Given the prevalence of herpes, and the constant turnover of men in my life, I was always surprised I hadn’t met a potential mate who shared my disease. Well I am thrilled to say that it has finally happened, and I’m sure this has, or could, happen to many others of you.
After a steamy night of making out and resisting the temptation to indulge all of our desires, we spent the next day lounging in the park, basking in the sun, and enjoying our new interest. Then, out of nowhere, he pushed back and said, “So I think I should warn you…” and the wheels in my head started spinning…Uh oh, lemme guess…you’re afraid of commitment? You’re an ex-convict? Drug addict? Until I saw the look in his eyes, sensed his nervousness, and I knew he was about to disclose an STD. “I have oral herpes, so the more you kiss me, the more chances you have of catching it.” What a relief! I couldn’t have been happier. After I asked him a few questions, like “How often do you have outbreaks?” and “How do you treat them?”, I finally told him that I also had something to “warn” him about; that I have genital herpes.
At first he didn’t believe me. Actually, I think he was just as relieved to hear about my problem as I was to hear about his. I didn’t even ask him whether he was okay with dating someone with genital herpes; we immediately had an understanding about it. No stigma, no fear, no drama. But then I thought, what are the real risks here? He knows he has Type 1, but I’m not sure I have Type 2 herpes. It’s very possible, given my frequent outbreaks, that I have Type 1 on my genitals. It’s important I get that sorted out.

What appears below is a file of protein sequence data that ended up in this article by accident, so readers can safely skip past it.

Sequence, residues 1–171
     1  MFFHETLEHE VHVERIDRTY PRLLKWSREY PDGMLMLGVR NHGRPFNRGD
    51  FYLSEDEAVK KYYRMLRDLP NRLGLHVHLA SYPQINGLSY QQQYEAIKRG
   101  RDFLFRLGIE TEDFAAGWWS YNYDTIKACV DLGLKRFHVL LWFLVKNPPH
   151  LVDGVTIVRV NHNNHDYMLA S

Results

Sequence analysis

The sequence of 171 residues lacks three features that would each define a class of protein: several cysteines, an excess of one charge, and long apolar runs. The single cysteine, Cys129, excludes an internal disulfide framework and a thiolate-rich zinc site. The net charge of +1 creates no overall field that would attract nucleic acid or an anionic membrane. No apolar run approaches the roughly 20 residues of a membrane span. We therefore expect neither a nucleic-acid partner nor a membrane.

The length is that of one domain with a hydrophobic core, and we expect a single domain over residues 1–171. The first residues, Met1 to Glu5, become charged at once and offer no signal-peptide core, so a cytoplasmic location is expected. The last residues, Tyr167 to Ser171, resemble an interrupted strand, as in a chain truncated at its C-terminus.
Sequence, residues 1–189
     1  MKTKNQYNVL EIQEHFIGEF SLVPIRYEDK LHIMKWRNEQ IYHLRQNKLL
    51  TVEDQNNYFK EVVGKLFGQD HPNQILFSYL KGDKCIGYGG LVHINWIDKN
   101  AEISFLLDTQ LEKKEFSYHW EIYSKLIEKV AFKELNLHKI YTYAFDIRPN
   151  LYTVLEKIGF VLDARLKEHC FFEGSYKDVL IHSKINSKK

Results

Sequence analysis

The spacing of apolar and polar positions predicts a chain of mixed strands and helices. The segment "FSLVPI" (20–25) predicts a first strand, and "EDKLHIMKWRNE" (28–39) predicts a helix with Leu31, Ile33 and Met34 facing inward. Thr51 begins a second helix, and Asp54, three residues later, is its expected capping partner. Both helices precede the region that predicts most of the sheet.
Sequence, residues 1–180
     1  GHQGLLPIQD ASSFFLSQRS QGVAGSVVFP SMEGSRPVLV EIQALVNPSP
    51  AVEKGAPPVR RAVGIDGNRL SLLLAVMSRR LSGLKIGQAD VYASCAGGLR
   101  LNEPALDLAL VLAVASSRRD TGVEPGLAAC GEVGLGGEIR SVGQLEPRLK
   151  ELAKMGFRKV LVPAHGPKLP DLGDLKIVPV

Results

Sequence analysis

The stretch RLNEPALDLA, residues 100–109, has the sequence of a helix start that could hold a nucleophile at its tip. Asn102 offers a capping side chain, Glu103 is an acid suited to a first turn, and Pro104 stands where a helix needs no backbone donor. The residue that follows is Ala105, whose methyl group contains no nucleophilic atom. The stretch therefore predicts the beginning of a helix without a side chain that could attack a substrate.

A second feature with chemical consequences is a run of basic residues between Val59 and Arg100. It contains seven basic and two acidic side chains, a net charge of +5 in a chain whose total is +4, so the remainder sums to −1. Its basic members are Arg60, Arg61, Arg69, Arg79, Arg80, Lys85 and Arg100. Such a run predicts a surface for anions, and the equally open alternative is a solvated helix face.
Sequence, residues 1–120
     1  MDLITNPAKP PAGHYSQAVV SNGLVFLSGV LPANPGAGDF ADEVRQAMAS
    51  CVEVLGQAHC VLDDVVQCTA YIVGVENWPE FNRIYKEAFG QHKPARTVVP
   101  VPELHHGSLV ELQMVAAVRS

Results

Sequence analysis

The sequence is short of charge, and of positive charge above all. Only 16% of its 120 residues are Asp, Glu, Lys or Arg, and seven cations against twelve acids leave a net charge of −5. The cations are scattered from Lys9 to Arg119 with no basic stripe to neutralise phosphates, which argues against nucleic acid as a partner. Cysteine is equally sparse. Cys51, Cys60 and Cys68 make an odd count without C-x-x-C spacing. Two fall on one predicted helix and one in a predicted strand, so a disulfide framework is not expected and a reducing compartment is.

In any event, let’s imagine the possible scenarios. Let’s say he has Type 1 oral herpes and I have Type 2 genital herpes. There is no risk involved if I’m performing oral sex on him. However, if he gives me oral sex, he could potentially contract HSV-2 on his mouth, and I could contract HSV-1 on my genitals. Also, by kissing and having intercourse, we could put each other at risk for swapping herpes viruses. I knew that much was true, that there’s always a potential to transmit, but I still wanted to do a bit more researching. I found Dr. Grayson’s SharePost about genital herpes and oral sex. In it she makes it clear that if you have one type of herpes, your body creates antibodies that make it harder to get the other type. So although there is a potential for us to give each other our viruses, it sounds like it’s difficult and rare.
So now I wonder: if he has Type 1 oral herpes and I have Type 1 genital herpes, is it possible that I can give him Type 1 genital herpes and he can give me oral herpes? I suppose it is, I don’t see why not. But my bet is that the antibodies that protect us from other types of herpes also protect from the same type infecting a different part of the body. Please, someone, correct me if I’m wrongly assuming.